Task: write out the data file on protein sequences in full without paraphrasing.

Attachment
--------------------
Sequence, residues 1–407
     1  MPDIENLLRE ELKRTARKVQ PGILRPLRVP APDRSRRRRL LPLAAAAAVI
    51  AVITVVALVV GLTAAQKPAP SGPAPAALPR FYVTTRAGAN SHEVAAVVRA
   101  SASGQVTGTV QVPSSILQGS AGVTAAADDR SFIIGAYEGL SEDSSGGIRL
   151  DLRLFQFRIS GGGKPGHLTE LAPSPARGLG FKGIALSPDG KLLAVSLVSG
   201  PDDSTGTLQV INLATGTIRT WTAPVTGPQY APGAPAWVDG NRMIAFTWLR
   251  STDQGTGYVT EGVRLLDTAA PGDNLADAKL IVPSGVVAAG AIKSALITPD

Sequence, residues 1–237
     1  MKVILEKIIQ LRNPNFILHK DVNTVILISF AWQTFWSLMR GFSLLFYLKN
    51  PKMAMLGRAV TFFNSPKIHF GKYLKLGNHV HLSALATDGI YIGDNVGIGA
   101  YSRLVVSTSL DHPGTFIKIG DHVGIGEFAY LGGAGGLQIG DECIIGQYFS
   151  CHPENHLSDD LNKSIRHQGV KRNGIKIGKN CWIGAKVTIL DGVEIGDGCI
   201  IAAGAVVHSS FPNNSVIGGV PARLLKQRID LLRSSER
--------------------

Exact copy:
Sequence, residues 1–407
     1  MPDIENLLRE ELKRTARKVQ PGILRPLRVP APDRSRRRRL LPLAAAAAVI
    51  AVITVVALVV GLTAAQKPAP SGPAPAALPR FYVTTRAGAN SHEVAAVVRA
   101  SASGQVTGTV QVPSSILQGS AGVTAAADDR SFIIGAYEGL SEDSSGGIRL
   151  DLRLFQFRIS GGGKPGHLTE LAPSPARGLG FKGIALSPDG KLLAVSLVSG
   201  PDDSTGTLQV INLATGTIRT WTAPVTGPQY APGAPAWVDG NRMIAFTWLR
   251  STDQGTGYVT EGVRLLDTAA PGDNLADAKL IVPSGVVAAG AIKSALITPD

Sequence, residues 1–237
     1  MKVILEKIIQ LRNPNFILHK DVNTVILISF AWQTFWSLMR GFSLLFYLKN
    51  PKMAMLGRAV TFFNSPKIHF GKYLKLGNHV HLSALATDGI YIGDNVGIGA
   101  YSRLVVSTSL DHPGTFIKIG DHVGIGEFAY LGGAGGLQIG DECIIGQYFS
   151  CHPENHLSDD LNKSIRHQGV KRNGIKIGKN CWIGAKVTIL DGVEIGDGCI
   201  IAAGAVVHSS FPNNSVIGGV PARLLKQRID LLRSSER